Short-Term Rentals: Airbnb Launches “Summer of Responsible Travel"


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By Kathy Fettke and Real Estate Investing with Kathy Fettke - RealWealth Network. Discovered by Player FM and our community — copyright is owned by the publisher, not Player FM, and audio is streamed directly from their servers. Hit the Subscribe button to track updates in Player FM, or paste the feed URL into other podcast apps.

Airbnb is taking another proactive step to prevent house parties over the Fourth of July weekend. It launched a new campaign called “Summer of Responsible Travel” which bans one-night rentals and last-minute bookings for guests who don’t have a history of good reviews.

The July 4th holiday is turning into what many feel is the BIG REOPENING after more than a year of social isolation from the pandemic. Airbnb said in a statement: “We also know that public health and safety experts are still saying mass gathering should not happen.” And that’s why the short-term rental company is introducing the new rules. They are similar to ones that Airbnb implemented for Halloween and New Year’s Eve last year.

Airbnb describes the summer travel initiative as an 8-point plan to help hosts, guests and communities remain safe. At the top of that list of rules is a ban on parties that could spread germs, and could also disturb neighbors. To help with the enforcement of this rule,Airbnb has expanded its community support staff by 50%.

Airbnb already has a global ban on parties, but the special holiday rules help provide hosts with more tools to keep things under control. The ban on one-night reservations for guests without a history of positive reviews will not apply to guests who have good reviews. People who have already booked a one-night reservation will also be able to keep them. Last minute reservations may also trigger more stringent restrictions, especially for people who live near the Airbnb they’d like to rent.

The short-term rental company is also helping superhosts who are worried about parties with discounts on noise monitoring devices. The devices measure decibel levels and can help hosts determine if a party is taking place. These devices can’t be secretly used however. Hosts must disclose their existence on listing pages.

Other parts of the summer travel initiative include a Neighborhood Support Line with more Spanish-speaking monitors, house rules that are displayed more prominently on listing pages, safety tips for guests that are renting pool homes, and fire safety tips for people in fire-prone areas like the West Coast.

Airbnb is also reiterating the need for hosts to continue with COVID-19 Safety Practices. That includes wearing a mask, practicing social distancing, and disinfecting rentals with a 5-step cleaning process.

The issue that has probably caused the most short-term rental controversy is the noise issue. Many short-term vacation rentals or STVRs are located in residential neighborhoods where some long-time residents say there are too many loud parties by short-term rental guests. That may or may not be true in any particular neighborhood, but when enough voices are raised in opposition, elected officials are forced to listen.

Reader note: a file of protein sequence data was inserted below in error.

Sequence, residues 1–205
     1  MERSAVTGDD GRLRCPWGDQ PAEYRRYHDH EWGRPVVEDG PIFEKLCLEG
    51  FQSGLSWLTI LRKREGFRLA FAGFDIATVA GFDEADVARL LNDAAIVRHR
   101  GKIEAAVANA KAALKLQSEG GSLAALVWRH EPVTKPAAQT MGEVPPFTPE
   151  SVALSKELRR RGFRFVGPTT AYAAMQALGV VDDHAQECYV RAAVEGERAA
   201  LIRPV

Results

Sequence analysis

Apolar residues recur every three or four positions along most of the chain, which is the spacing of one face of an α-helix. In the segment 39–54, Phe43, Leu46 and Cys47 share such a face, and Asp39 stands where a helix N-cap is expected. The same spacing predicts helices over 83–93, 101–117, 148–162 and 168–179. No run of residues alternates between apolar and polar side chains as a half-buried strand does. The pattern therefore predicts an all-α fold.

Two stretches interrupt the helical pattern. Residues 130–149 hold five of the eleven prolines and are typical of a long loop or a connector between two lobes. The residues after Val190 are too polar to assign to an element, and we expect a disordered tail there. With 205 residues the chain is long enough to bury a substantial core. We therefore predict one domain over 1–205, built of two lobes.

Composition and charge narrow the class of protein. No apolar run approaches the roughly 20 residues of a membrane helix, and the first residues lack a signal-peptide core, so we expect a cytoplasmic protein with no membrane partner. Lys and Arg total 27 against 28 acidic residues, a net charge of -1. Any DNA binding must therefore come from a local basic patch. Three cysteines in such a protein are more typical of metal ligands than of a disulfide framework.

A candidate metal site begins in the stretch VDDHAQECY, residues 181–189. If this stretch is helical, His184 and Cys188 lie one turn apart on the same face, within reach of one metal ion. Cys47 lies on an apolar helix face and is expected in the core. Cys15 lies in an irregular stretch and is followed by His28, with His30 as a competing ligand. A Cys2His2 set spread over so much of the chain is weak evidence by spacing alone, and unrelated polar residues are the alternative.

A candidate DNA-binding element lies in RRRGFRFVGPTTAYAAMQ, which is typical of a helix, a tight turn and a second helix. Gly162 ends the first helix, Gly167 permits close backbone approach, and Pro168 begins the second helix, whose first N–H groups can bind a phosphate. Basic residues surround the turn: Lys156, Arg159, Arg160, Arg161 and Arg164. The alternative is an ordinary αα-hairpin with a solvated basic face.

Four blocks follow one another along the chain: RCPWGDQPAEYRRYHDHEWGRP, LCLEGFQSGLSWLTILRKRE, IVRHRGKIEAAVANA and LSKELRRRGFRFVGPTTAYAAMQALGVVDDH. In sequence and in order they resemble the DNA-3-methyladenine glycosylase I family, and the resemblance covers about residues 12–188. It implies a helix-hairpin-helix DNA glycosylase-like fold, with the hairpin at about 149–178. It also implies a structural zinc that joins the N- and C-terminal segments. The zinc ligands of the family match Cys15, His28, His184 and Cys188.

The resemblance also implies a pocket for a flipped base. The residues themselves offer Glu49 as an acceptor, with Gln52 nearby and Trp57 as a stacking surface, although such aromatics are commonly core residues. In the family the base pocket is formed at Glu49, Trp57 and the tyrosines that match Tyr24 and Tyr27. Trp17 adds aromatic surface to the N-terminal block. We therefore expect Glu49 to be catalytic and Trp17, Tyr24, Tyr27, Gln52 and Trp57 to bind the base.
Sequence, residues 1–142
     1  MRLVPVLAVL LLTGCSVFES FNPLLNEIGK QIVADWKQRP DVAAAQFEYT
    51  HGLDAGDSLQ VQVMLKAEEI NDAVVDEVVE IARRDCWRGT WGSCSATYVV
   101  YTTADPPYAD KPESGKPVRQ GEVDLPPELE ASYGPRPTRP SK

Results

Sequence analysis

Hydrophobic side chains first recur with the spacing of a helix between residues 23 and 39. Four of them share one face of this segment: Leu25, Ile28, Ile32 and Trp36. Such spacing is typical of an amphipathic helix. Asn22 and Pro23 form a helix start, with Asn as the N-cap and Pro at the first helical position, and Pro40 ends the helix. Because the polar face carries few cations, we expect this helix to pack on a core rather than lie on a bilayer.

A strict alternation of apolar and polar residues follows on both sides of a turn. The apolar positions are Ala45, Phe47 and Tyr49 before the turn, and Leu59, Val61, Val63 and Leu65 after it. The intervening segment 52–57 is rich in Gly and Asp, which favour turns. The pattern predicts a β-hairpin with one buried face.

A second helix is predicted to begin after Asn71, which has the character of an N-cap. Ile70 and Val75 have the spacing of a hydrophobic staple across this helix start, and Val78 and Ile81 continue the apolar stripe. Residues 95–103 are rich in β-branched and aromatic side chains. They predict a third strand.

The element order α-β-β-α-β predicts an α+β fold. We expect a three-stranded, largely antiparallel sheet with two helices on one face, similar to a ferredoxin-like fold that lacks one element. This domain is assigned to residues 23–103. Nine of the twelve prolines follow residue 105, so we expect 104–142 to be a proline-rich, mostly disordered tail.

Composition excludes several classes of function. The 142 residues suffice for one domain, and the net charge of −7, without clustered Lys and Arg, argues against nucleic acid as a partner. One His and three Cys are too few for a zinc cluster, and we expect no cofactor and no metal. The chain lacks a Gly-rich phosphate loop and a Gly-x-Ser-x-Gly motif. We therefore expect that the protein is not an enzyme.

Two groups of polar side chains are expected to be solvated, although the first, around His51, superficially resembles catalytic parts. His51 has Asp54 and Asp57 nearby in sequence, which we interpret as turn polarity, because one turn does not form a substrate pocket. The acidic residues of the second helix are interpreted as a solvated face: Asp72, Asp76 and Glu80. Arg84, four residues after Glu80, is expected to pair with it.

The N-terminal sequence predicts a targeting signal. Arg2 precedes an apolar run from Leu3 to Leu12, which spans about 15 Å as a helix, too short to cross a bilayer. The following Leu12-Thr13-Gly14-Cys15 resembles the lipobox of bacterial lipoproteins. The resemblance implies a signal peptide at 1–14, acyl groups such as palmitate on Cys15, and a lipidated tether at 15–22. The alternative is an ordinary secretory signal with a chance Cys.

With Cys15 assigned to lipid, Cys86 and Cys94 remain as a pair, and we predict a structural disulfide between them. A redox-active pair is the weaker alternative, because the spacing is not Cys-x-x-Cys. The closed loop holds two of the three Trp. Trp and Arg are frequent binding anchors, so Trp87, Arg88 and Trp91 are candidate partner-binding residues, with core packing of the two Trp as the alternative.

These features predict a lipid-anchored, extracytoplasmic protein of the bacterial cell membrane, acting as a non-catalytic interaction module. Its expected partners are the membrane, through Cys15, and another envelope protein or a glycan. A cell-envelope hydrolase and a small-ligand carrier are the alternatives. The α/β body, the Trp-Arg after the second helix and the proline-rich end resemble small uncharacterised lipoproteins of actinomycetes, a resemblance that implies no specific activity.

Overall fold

And now, many city governments are struggling with rules to satisfy both long-term residents and short-term rental hosts. In many cases, the long-term residents are winning that battle, and city governments are completely banning short-term rentals. Unfortunately, that can feel like an injustice to property owners who may need that income, or have been planning for that income as an investment strategy.

The city of La Quinta, near Palm Springs, is one of those cities now wrestling with a decision on short-term rentals. It had implemented a ban on new short-term rental permits because of the pandemic that was supposed to be “temporary.” But now, people opposed to short-term rentals want a permanent ban on new permits to reduce the number of short-term rentals in the city.

That set the stage for a lively debate at a recent City Council meeting, and the Council voted to extend the permit moratorium until June 1st as it tests a new noise monitoring program. It’s a program that involves 25 properties and devices that measure noise levels. If the noise reaches a certain threshold, the property owner is notified and given a chance to address the problem.

Community Resources Analyst, Jaime Torres, told NBC news: “We reached out to three of the biggest vendors in the noise compliance industry. Each of these vendors has a device that helps monitor and track noise and our goal with this is to basically see whether these devices are effective.”

Short-term rental owner, Kristen Perry, is one of the people participating in the test. She says: “So far so good!” She says: “I’ve yet to get an alert, and I have (the devices) at half the recommended setting.”

If this strategy works to keep noise levels at an acceptable level, the devices could become mandatory for La Quinta vacation rentals. The results may also influence a vote on whether or not the ban on any new permits will be lifted.

If you'd like to know more about Airbnb's Summer of Responsible Travel initiative, you'll find a link on the podcast player page for this episode at

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